1. I don't know if casinos are a part of the Texas landscape but our area has been threatened with the potential for that new business. Of course it's in the name of "jobs...." I must admit, I'm intrigued by Vegas and would love to see it someday, but that seems like a unique destination to me, and kind of contained, but that's different from stopping by the local slots machine in the neighborhood...or the neighboring neighborhood. Good luck to you and your locals with all the goings on, and I hope you get a real supermarket soon.

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  2. Casinos are not really part of the Texas landscape, but one doesn't have to go too far, for they are prevalent in Louisiana and Oklahoma, which are only hours away. One can either drive or catch the Greyhound bus to these places.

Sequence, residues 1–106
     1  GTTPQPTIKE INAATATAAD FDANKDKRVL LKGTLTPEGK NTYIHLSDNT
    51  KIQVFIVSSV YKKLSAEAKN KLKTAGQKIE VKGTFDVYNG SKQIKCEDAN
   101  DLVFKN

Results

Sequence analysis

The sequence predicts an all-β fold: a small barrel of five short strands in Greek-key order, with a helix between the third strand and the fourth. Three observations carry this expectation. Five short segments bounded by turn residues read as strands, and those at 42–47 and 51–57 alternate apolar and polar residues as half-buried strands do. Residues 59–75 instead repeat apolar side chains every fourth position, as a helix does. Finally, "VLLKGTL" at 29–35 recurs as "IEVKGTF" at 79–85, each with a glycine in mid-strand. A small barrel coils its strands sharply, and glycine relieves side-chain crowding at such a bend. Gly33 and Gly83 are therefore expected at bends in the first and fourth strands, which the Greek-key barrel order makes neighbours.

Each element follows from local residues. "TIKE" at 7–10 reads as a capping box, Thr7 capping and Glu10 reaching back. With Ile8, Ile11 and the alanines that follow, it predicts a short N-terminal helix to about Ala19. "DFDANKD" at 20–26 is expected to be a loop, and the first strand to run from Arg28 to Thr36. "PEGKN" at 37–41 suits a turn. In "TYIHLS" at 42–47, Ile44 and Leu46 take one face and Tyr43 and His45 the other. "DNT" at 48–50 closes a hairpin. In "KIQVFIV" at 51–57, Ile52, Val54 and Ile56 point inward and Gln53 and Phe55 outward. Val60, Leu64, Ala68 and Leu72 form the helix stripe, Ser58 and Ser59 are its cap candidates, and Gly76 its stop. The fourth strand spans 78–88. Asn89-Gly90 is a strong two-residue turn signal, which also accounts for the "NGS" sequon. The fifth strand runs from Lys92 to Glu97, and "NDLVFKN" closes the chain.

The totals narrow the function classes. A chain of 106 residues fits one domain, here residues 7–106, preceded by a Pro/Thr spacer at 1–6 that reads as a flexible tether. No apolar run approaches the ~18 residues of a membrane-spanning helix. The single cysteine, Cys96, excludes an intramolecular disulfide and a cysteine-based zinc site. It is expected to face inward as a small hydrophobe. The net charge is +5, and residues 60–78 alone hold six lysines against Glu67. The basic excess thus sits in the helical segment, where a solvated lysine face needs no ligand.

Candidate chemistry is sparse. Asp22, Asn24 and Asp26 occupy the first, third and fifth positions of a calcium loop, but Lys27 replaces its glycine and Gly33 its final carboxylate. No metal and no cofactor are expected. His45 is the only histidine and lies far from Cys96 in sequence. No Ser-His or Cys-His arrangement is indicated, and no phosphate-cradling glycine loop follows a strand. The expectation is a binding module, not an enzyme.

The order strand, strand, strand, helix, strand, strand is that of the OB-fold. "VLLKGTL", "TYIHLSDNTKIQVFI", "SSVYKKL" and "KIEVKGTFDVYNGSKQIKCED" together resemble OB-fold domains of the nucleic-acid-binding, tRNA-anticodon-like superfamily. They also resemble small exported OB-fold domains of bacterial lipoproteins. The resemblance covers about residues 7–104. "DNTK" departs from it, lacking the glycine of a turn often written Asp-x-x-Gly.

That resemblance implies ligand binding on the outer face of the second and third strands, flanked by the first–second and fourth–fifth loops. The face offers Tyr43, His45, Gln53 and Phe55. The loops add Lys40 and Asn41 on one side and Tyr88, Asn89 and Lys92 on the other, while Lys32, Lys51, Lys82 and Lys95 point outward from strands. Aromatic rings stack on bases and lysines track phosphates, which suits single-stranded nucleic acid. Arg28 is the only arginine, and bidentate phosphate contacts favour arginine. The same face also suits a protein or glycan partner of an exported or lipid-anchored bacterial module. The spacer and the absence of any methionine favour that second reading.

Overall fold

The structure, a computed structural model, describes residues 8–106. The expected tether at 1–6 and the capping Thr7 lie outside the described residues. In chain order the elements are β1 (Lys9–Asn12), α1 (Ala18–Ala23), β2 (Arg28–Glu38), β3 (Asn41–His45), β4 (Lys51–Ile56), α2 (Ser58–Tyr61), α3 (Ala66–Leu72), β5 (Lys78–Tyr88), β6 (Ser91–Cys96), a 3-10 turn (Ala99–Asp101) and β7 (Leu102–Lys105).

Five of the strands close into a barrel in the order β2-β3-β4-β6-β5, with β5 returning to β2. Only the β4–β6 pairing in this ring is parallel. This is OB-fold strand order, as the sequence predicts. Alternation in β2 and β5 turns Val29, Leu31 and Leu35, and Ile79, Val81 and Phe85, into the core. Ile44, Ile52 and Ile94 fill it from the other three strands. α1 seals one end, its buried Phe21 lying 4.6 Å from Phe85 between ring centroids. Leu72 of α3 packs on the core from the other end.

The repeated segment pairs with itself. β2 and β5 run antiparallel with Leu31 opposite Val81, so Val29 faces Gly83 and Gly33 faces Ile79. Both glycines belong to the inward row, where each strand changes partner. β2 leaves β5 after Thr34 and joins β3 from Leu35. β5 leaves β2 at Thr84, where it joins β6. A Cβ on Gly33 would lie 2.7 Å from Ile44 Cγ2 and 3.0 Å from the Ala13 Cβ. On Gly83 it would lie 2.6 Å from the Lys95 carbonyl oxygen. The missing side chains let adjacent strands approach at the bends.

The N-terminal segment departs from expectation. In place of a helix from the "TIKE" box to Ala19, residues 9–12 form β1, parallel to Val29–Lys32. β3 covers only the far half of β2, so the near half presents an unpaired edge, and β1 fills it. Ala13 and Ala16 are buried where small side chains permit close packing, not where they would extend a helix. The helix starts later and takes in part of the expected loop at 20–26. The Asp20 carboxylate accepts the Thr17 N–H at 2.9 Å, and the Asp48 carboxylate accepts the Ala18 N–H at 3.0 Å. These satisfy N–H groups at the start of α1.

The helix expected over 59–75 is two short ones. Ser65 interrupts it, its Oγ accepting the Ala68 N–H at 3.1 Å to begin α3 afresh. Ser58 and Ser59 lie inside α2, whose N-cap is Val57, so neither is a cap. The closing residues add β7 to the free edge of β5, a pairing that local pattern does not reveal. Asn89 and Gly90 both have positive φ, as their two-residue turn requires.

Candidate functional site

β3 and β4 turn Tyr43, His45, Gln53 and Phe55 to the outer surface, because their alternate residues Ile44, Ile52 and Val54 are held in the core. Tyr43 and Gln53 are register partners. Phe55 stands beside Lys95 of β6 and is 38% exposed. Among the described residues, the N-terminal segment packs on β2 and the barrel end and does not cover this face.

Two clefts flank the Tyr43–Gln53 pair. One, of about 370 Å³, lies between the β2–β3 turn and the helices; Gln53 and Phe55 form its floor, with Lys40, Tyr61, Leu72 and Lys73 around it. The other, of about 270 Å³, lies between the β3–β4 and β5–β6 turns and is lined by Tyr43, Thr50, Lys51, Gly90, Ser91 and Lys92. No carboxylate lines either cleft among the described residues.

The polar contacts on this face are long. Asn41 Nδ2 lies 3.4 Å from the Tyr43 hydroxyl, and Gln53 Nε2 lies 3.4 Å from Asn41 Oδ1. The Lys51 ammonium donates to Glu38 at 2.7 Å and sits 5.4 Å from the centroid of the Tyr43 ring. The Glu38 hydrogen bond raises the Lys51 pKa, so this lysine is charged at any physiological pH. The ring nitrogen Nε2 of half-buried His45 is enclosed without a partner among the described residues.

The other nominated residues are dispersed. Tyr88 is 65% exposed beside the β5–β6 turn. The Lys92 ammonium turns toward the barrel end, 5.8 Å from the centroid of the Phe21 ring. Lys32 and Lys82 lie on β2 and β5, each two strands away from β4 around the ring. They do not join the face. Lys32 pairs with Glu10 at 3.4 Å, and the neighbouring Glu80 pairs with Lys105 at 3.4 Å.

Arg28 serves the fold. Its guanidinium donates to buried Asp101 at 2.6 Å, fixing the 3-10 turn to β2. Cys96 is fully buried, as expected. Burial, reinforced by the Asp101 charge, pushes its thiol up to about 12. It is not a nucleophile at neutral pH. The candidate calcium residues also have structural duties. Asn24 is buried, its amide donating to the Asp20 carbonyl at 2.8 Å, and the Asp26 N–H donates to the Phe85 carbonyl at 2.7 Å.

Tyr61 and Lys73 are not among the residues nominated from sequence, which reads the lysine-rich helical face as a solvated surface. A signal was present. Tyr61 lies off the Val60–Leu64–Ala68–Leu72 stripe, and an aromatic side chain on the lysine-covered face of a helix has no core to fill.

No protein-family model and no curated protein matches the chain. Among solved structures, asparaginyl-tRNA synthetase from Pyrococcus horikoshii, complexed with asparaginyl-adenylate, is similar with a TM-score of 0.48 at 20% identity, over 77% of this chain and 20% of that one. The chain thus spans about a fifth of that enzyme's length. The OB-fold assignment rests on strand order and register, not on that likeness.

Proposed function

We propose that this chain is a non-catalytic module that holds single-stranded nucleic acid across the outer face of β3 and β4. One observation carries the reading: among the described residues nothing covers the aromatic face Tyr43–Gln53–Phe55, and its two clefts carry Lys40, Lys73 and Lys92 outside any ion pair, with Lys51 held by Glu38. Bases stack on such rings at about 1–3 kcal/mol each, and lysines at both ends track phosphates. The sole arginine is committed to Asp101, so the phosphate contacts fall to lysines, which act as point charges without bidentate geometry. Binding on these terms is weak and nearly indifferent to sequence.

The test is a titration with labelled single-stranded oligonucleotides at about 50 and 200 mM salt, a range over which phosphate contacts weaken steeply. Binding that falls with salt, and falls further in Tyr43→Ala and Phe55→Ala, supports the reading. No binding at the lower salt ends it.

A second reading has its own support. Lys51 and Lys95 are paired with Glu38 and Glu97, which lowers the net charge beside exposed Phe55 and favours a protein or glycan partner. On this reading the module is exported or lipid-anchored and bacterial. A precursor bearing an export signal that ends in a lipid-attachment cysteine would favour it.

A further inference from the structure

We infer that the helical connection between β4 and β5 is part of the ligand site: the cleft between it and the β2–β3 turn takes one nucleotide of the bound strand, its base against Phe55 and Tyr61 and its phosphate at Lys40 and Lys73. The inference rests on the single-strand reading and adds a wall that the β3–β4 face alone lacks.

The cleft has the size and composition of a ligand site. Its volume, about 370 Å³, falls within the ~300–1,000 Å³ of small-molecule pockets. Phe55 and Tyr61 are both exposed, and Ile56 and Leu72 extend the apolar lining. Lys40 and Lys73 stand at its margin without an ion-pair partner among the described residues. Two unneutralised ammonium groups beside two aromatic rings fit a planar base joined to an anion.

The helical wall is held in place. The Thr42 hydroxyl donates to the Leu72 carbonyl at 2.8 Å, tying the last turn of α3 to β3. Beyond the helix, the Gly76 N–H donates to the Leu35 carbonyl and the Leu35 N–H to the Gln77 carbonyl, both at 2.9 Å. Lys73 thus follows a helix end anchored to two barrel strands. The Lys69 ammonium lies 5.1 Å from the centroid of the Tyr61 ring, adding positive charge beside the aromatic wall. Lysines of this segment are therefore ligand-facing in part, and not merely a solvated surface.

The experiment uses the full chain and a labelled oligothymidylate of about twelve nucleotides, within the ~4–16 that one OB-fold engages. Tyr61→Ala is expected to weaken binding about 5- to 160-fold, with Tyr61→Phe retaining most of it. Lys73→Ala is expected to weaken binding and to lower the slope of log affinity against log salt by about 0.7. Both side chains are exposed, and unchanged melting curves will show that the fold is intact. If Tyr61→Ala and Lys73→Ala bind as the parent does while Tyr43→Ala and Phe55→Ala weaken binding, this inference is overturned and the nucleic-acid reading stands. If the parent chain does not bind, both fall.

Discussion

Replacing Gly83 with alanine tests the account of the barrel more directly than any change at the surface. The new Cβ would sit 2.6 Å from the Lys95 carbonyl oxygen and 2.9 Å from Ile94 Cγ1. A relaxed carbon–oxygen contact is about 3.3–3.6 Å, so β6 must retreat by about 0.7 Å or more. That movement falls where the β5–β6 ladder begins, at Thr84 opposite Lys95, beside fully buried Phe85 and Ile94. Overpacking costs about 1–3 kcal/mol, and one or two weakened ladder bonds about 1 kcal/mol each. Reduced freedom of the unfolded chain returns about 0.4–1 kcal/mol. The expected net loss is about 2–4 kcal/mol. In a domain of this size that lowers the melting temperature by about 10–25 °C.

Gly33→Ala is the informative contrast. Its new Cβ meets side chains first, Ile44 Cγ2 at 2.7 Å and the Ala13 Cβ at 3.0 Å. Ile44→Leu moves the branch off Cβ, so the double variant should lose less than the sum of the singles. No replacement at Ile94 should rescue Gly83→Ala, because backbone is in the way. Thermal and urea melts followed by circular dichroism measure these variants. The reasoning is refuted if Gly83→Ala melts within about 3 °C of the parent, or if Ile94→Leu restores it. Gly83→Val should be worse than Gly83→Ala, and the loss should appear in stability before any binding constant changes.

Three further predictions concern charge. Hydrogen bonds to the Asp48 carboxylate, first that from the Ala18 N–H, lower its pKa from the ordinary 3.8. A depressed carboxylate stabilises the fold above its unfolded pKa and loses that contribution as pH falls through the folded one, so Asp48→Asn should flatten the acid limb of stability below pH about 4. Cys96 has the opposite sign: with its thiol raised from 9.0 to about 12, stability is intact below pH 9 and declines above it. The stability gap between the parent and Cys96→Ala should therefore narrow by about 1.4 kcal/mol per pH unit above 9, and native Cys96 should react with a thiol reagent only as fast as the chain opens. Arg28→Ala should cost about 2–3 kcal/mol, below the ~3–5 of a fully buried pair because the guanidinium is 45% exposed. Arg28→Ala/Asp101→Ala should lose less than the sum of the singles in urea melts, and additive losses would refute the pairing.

In all honesty I don't know if there will be a decent grocery store in my area any time soon. My area, like alot of predominately African-American neighboorhoods, have adopted a very pessimistic attitude towards their area. Despite what people may contest the pathological negative attitudes exist here, especially amongst the elderly, and those who spend alot of time trying to remove themselves from this area. It is a continuing cycle that does not seem to be intent on coming up with any real solutions here. Not to mention the politicians here hinder any form of progress as well, giving more obstacles for these communities to overcome. But let's hope for the best.